5 Ways Regular Exercise Helps You Live Longer

Hundreds of years ago, Spanish explorer Ponce de Leon went on a quest to find the fountain of youth.

All he found was a bunch of fairly ordinary bodies of water in Florida. How upset do you think he would have been if someone had told him that the secret was with him the whole time?

Believe it or not, the true fountain of youth can be found in regular exercise.  It doesn’t matter what type you do, as all forms are great for your health.

The important thing is to be consistently active, and preferably eating a relatively healthy diet at well.


Exercise Reduces Heart Attack and Stroke Risk

High blood pressure and high cholesterol are significant risk factors for heart disease and stroke. Regular exercise can reduce blood pressure, possibly to the point where blood pressure medications are no longer necessary. Regular exercise can lower LDL (“bad”) cholesterol and triglycerides as well as increase HDL (“good”) cholesterol.

Exercise Improves Strength and Flexibility

Exercise can improve bone and muscle strength as well as keep you looking younger. Lifting weights or doing weight-bearing aerobic exercises like walking or jogging will make you stronger. Stretch daily or do yoga to improve your flexibility. Strength and flexibility naturally deteriorate with age, but regular exercise can combat some of this deterioration.

Exercise Improves Mood

Recent studies have shown that people who are happy tend to outlive their more pessimistic peers. Exercise improves mood by triggering the release of feel-good endorphins and reducing the activity of stress hormones adrenaline and cortisol.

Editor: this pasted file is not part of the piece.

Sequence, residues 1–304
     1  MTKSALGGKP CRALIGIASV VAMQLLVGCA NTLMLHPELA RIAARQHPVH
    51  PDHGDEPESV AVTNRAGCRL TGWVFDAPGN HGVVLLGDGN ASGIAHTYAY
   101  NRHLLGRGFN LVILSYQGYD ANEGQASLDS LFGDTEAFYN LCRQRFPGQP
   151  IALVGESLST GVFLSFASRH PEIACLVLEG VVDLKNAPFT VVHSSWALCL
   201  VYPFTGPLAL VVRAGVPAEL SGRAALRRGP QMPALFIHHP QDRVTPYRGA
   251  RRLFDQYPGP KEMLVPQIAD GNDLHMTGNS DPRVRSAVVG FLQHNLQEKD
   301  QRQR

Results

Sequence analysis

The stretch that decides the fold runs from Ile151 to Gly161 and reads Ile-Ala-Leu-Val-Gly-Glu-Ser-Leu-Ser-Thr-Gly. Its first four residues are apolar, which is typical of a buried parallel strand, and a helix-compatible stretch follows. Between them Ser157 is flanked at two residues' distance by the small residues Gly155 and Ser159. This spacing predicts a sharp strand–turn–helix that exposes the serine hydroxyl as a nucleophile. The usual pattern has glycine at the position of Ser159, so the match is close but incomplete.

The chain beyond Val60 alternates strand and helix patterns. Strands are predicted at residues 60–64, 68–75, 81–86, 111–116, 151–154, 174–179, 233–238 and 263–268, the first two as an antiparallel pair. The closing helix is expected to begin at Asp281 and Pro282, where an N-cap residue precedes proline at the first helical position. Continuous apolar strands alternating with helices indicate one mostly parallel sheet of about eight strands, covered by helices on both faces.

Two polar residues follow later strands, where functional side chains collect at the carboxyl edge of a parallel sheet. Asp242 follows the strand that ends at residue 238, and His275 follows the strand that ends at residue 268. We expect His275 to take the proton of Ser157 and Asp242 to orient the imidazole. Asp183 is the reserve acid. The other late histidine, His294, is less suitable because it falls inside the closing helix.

Exercise Improves Sleep

Our bodies are designed to recharge and recover as we sleep. If sleep is inadequate, we are setting ourselves up for a list of diseases that are known to reduce longevity. People who exercise regularly tend to report more restful sleep.

Exercise Improves Brain Health

Studies have shown that regular exercise can reduce the risk of developing Alzheimer’s disease or other forms of dementia, even in people with a genetic risk of the disease. Exercise improves glucose metabolism in the brain, which lowers the risk for dementia-related disease.

In addition to reducing several risk factors for deadly diseases, exercise enriches our lives in many immeasurable ways. Exercise can give us an outlet to make friends and widen our social network. If we have the energy and stamina to do the things we enjoy, we are able to live life to the fullest.


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